I have recently been made redundant and am now in my notice period. During the five years I was with my employer a major feature of my income was commission and bonuses, which averaged between Dh5,000 and Dh10,000 per month. My soon to be former employer is telling me that my gratuity is calculated on my base salary only, but I have heard otherwise. Which is correct? JC Abu Dhabi I telephoned the Ministry of Labour contact centre (800 665) about this matter, and I am pleased to report that the staff were very helpful indeed. The first adviser that I spoke to stated that if the matter of bonuses was mentioned in the labour contract then they should be taken into consideration when calculating a gratuity. As the matter is complex, he then advised that he would get one of their legal advisers to call me back, which he duly did within the hour. Provided you have confirmation in writing from your employer setting out the terms of the commission payments, for example, a fixed percentage above a certain amount of business obtained and how much you have received regular payments must be taken into consideration when calculating your gratuity.
It may be that your employer is not aware of the full labour law, so I suggest that you start by explaining this to them. If they still do not agree to pay, you should contact the Ministry of Labour, who will assist with conciliation. If that does not work, the matter can be taken to court. Until such time as the matter is resolved to your satisfaction, you should not sign any documents pertaining to the cancellation of your work permit.
am currently employed with a property developer in Dubai. I was hired from overseas almost two years ago, and the benefits in my package, as per the job offer and appointment letter they have issued, are the following: one, annual passage for employee and family "at the completion of every year of service", and two, annual performance bonus depending on company discretion, and employee performance. In early 2009, I tendered my resignation, jumping at an opportunity to work with an Abu Dhabi-based company. I am honouring the terms of my contract and working my three-month notice period. My last working day shall go beyond my anniversary date with the company and my understanding is that I am entitled to the annual passage (which is paid out in cash calculated at IATA rates). I have received feedback from our HR that this may not be the case because I have resigned. Do you believe I am entitled to this benefit under UAE law and in the context of the language of the job offer and appointment letter they have issued before? Also, there is a possibility that the company will give out a bonus based on employee performance. Modesty aside, I have been appraised for 2008 work and have been given a positive assessment. Considering that the bonus is a reward corresponding to 2008 performance, should the company have the discretion not to give such bonus to me because I have resigned?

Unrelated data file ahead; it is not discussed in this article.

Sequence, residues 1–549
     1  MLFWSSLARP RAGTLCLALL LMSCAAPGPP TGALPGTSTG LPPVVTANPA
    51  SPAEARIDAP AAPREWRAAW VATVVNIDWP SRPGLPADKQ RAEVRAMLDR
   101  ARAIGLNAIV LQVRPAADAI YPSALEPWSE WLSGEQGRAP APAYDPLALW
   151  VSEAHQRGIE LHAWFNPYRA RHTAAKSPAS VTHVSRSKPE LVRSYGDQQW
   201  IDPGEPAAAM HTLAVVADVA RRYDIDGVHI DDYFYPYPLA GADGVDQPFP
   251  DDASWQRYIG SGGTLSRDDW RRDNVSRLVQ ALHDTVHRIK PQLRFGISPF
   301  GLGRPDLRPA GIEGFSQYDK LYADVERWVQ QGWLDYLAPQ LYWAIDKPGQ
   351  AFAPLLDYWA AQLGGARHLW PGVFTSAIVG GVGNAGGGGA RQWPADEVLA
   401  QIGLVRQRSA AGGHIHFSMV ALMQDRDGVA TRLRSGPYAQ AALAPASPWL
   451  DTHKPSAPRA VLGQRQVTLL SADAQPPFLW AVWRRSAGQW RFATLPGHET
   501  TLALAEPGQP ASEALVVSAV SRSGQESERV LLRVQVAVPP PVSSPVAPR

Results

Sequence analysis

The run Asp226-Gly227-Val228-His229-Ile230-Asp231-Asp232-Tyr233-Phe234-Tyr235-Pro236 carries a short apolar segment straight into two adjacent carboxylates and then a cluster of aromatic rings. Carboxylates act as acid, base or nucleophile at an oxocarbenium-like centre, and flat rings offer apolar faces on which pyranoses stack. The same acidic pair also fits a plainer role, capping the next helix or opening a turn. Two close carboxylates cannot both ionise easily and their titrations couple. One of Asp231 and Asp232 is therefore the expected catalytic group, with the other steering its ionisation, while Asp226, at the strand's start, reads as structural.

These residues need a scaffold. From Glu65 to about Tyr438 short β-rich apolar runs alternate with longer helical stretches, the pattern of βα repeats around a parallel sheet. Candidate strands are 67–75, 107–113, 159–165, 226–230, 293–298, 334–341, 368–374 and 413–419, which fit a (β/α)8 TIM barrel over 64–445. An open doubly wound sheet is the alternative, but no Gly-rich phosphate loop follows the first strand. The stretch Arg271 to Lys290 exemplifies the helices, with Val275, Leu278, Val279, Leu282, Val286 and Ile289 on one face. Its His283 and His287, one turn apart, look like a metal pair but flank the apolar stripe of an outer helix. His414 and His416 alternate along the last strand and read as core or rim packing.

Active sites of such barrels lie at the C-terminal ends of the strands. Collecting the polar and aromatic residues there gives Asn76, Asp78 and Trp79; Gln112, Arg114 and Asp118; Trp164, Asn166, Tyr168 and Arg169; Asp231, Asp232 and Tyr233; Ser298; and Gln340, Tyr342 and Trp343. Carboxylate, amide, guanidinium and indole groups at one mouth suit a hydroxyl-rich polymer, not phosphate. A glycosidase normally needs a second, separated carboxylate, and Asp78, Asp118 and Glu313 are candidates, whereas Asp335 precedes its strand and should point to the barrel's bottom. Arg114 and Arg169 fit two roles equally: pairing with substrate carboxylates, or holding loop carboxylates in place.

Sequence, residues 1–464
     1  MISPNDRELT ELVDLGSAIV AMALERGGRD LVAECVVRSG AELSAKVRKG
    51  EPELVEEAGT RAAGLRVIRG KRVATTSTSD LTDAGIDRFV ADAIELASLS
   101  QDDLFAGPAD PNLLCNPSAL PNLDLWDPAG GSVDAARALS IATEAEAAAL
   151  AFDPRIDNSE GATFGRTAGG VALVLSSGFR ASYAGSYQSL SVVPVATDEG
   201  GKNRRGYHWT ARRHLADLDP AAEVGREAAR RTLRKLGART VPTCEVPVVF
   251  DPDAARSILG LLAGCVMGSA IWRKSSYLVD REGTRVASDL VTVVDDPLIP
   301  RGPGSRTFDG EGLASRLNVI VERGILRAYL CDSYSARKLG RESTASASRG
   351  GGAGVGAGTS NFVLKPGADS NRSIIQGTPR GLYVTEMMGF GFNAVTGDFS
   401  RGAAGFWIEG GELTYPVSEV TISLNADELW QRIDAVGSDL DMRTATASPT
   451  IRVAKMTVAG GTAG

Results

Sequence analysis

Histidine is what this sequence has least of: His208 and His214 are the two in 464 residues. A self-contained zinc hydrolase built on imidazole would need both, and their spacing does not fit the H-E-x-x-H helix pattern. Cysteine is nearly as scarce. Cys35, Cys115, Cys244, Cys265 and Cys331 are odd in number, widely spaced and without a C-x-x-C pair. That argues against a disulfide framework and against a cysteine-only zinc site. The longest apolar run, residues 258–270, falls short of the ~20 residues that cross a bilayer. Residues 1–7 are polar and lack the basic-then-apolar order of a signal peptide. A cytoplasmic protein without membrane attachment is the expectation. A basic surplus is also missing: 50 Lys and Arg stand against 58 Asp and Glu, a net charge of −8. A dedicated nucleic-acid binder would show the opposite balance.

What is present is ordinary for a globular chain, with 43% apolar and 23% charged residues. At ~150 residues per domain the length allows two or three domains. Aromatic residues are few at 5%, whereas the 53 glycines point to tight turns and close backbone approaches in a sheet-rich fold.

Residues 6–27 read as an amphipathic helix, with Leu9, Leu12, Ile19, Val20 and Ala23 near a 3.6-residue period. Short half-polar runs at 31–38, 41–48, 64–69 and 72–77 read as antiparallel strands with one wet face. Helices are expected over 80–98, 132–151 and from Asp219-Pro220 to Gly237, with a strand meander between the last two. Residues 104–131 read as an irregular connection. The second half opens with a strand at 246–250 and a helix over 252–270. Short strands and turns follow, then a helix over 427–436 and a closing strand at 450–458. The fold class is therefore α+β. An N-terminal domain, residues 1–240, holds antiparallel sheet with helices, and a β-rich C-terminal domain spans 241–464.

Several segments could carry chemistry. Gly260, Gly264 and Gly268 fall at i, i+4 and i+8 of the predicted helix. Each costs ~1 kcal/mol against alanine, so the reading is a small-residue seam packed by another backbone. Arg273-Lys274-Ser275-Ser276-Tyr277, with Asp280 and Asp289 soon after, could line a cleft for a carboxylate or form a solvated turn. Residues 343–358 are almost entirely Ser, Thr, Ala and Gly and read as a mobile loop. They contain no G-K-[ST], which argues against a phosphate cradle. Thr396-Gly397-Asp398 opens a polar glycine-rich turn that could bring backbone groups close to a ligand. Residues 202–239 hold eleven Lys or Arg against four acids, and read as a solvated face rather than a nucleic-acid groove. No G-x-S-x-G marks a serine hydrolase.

HJ Dubai Having looked in to these matters at some length, I am advised that you are entitled to the "annual passage", as you have worked the appropriate number of days required. You are still employed and thus are entitled to standard benefits, including all allowances. As you state, the awarding of a monetary performance bonus is purely discretionary, so even if you have received excellent reviews over the year, there is no legal obligation for your employer to pay you a bonus.
I had a baby a few weeks ago and am in the process of sorting out his passport and residency. If we get the passport and we take it to process residency, will we be questioned if the passport does not have an entry-to-UAE stamp? SM Abu Dhabi As long as you have his birth certificate, showing he was born in the UAE, you will not have any problems. I understand that you will also need for this document to be translated into Arabic, which should cost around Dh25. There is no requirement to take him out of the UAE and back in again to process his residency.
Is it possible to buy US travellers cheques in the UAE? I know places will take them, but they don't sell them. DN Abu Dhabi There certainly are more places where you can either use or exchange travellers cheques than you can buy them, but my research shows that there are a numerous places in Abu Dhabi where you can indeed buy US cheques, such as UAE Exchange. Details on branches can be found on their website, www.uaeexchange.com. Go to "contact us", and then you can click on information about branches. They are all across the Emirates, and there is likely one near you.
My sister plans to visit me later this year, but I am concerned that she will be denied a visit visa, as she has previously visited Israel and has an Israeli stamp in her passport. Will it be a problem? MD Abu Dhabi Many people, and online sources, will say that visas (and entry to the UAE) are not permitted for anyone with an Israeli stamp in their passport. However, many visitors have entered the UAE despite having entry stamps from Israel in their passport. The website of the UAE Embassy in the UK (www.uaeembassyuk.net) says: "Israeli stamps endorsement is not a problem for UAE entry." And the US UAE Embassy website (www.uae-embassy.org) says: "All Americans with a valid US passport are welcome to enter the UAE. This includes those with visa or entry stamps from other countries."
Have a problem? If so, e-mail Keren Bobker at email@example.com Keren Bobker is an independent financial adviser with Holborn Assets in Dubai. She can be reached at firstname.lastname@example.org